Arequipa to Lima

We got back from our trip to the Colca Canyon at around 5pm on Tuesday and, three hours later, jumped on an 18-hour bus ride to Lima.  During those three hours of non-travel time, we managed to work a little miracle.  As you’ll recall, I hadn’t showered the previous day due to lack of warm water in our Chivay hotel.  Needless to say, after an additional day of tromping through the canyon and sitting in minivans and getting stranded on the mountainside and almost having to kill and sleep inside a llama to survive, I was in need of some bathing. 

We had left our bags at our hotel in Arequipa and when we picked them up, I asked the woman at reception if she had any cheap rooms that we could take for a couple of hours — long enough to shower before leaving for Lima.  I expected that she’d make us rent the room for the whole night and charge us the full rate, but she didn’t!  She only charged us 20 soles (about $7)!  We got into the room, plugged every device we owned into the wall to charge, and proceeded to take wonderful hot showers! 

Then we grabbed a bite to eat at a local Turkish restaurant around the corner and headed out to the bus station.  We’d bought tickets on the nicest bus we could find — the “bed” tickets for the fancy, fully reclining seats that we could sleep in.  The bus turned out not to be quite as nice as we’d hoped (I’ve still to see a bus that tops the luxury liner I rode in Honduras), but the seats were surprisingly comfortable.  I was more comfortable after 18 hours in that seat than I had been after 6 hours in the normal seats.  So that was something.

The only real problem that arose during the trip was with my ear.  We started dropping altitude fast after leaving Arequipa, and my right ear did not like it one bit (this is the ear that I had so many problems with growing up, and which still gives me problems despite the surgery).  Going from over 16,000 feet to sea level in the space of about 12 hours probably wasn’t the best thing for my ear.  It hurt like heck and wouldn’t adjust.  For some reason, too, it filled with fluid, which I discovered when it eventually ruptured and started draining (which was a relief, actually).  The next 24 hours was rough, with my ear still mighty sore and draining from time to time.  I stayed on antibiotics, though, to make sure that no infection developed, and I also took antihistamines and other decongestants to make sure that things stayed as open as possible.  Thanks to that, I’m feeling much better.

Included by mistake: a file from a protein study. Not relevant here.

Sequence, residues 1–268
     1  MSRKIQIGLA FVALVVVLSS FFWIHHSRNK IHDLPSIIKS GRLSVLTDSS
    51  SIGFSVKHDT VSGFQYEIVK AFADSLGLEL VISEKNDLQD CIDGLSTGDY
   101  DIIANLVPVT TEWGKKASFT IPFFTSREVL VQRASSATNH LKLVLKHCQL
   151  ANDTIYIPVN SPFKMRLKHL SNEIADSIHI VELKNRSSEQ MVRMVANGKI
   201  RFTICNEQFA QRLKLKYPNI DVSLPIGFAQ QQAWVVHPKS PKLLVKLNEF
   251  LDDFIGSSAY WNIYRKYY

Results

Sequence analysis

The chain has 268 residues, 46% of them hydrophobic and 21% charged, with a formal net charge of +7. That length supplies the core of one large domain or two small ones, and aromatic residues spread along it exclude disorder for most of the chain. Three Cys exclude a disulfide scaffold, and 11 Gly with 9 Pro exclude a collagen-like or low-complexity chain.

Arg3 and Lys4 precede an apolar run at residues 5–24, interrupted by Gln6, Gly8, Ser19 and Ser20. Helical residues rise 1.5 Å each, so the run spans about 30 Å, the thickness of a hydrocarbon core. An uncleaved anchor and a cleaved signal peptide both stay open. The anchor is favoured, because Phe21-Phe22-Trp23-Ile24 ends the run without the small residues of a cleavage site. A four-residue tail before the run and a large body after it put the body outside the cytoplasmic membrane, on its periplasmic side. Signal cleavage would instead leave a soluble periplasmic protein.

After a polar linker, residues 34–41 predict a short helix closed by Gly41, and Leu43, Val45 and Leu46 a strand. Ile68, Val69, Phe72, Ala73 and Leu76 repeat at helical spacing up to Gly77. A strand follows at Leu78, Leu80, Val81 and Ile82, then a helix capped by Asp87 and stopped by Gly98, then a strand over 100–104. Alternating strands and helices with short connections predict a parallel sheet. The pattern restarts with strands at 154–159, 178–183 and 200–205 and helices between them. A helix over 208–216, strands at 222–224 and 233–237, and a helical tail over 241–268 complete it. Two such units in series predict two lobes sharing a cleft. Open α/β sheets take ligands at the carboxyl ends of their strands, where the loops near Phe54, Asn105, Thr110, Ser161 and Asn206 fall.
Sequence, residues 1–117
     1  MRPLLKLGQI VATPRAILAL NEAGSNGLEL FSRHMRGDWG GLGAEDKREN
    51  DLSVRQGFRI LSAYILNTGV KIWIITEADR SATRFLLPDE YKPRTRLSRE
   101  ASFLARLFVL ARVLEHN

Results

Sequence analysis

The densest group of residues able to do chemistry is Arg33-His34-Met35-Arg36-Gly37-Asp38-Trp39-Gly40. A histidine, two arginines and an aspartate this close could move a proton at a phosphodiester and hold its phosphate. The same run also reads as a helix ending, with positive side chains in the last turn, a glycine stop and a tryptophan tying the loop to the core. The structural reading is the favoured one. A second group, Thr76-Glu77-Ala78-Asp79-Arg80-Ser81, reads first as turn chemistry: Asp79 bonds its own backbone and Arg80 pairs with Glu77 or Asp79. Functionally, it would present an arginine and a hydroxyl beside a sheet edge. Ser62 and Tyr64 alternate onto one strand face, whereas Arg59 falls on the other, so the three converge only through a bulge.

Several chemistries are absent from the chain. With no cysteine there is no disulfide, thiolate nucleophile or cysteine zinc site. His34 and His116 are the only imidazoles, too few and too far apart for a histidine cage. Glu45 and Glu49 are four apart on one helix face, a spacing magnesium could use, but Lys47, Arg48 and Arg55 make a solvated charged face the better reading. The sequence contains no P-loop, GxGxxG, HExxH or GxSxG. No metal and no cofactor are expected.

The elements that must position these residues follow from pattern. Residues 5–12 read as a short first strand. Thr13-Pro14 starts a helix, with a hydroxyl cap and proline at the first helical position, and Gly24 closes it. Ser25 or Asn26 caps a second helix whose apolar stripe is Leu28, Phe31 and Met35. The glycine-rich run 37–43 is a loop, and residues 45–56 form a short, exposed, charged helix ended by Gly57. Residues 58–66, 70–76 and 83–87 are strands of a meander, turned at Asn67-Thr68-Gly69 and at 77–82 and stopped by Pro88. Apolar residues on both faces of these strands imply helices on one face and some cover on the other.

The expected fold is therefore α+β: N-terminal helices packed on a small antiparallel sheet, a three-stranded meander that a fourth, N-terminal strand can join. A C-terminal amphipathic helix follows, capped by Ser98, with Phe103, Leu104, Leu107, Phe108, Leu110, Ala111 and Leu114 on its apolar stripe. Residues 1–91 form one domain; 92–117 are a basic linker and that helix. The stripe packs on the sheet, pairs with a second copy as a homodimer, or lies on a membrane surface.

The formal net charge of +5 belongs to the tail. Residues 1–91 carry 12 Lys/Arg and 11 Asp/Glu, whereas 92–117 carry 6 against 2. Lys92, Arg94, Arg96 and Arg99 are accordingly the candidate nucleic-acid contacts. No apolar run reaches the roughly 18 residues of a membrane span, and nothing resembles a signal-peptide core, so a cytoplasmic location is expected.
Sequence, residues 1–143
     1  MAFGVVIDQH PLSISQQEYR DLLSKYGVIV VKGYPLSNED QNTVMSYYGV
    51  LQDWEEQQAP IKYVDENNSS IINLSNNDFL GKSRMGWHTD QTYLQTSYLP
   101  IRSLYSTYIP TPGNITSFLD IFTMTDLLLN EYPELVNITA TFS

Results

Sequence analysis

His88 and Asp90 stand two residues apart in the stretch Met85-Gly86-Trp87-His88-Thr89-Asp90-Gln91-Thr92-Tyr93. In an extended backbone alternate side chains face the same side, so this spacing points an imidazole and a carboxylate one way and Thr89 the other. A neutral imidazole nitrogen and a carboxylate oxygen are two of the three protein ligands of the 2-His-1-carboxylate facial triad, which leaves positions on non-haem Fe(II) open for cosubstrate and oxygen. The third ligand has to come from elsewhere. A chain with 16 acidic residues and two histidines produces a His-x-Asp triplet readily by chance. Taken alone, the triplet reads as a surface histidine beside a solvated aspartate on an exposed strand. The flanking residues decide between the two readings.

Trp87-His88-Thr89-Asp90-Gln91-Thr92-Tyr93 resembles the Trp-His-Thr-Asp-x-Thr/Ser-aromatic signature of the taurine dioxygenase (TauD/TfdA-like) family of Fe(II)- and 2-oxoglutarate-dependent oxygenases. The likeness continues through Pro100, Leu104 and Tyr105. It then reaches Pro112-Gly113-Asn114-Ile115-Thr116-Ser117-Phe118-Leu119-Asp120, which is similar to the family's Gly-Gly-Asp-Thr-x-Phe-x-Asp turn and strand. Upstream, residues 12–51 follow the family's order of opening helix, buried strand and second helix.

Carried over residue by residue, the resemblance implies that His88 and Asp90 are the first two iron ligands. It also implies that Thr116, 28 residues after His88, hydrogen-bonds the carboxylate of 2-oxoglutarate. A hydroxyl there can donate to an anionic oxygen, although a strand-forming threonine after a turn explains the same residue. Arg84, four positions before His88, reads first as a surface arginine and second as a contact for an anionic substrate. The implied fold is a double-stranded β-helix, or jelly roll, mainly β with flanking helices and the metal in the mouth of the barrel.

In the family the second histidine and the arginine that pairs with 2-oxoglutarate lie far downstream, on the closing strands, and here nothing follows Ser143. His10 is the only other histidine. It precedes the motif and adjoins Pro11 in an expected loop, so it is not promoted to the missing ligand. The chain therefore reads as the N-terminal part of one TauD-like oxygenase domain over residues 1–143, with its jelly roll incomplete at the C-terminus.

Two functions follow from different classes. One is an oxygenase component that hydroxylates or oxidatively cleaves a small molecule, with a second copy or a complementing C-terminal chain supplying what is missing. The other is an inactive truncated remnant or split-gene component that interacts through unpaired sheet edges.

We arrived in Lima and checked into our hotel — which is wonderful.  It has a great flowering courtyard and, just as the guidebook promised, a delightfully tinkling fountain in the middle.  There is a cage of songbirds right outside our window, and they sing beautifully in the morning.

After dropping off our bags and freshening up, we headed out to have lunch and do some initial exploration.  We ate at a little cafe called Manolo’s, which had delicious dessert consisting of fresh churros and thick hot chocolate.

After eating, we walked around the Parque Kennedy for a while, soaking in the feel of the city.  We’re in the upscale Miraflores neighborhood, and it’s really nice.  Such a change from the colonial cities we’ve been in (not to mention the crummier country towns we’ve passed through, too).  It’s refreshingly comfortable to be in a real city again.

Avenida Arequipa
City government building

Church near Parque Kennedy

Later in the evening we went to a fantastic Italian restaurant — probably the nicest place we’ve been to so far on this trip (with prices to match, although they still were well under what a comparable place in the U.S. would have been).  I love being able to eat well in other countries without spending a fortune!

Mozzarella, tomato and basil salad

Four-cheese gnocchi

Fresh raspberries with whipped cream

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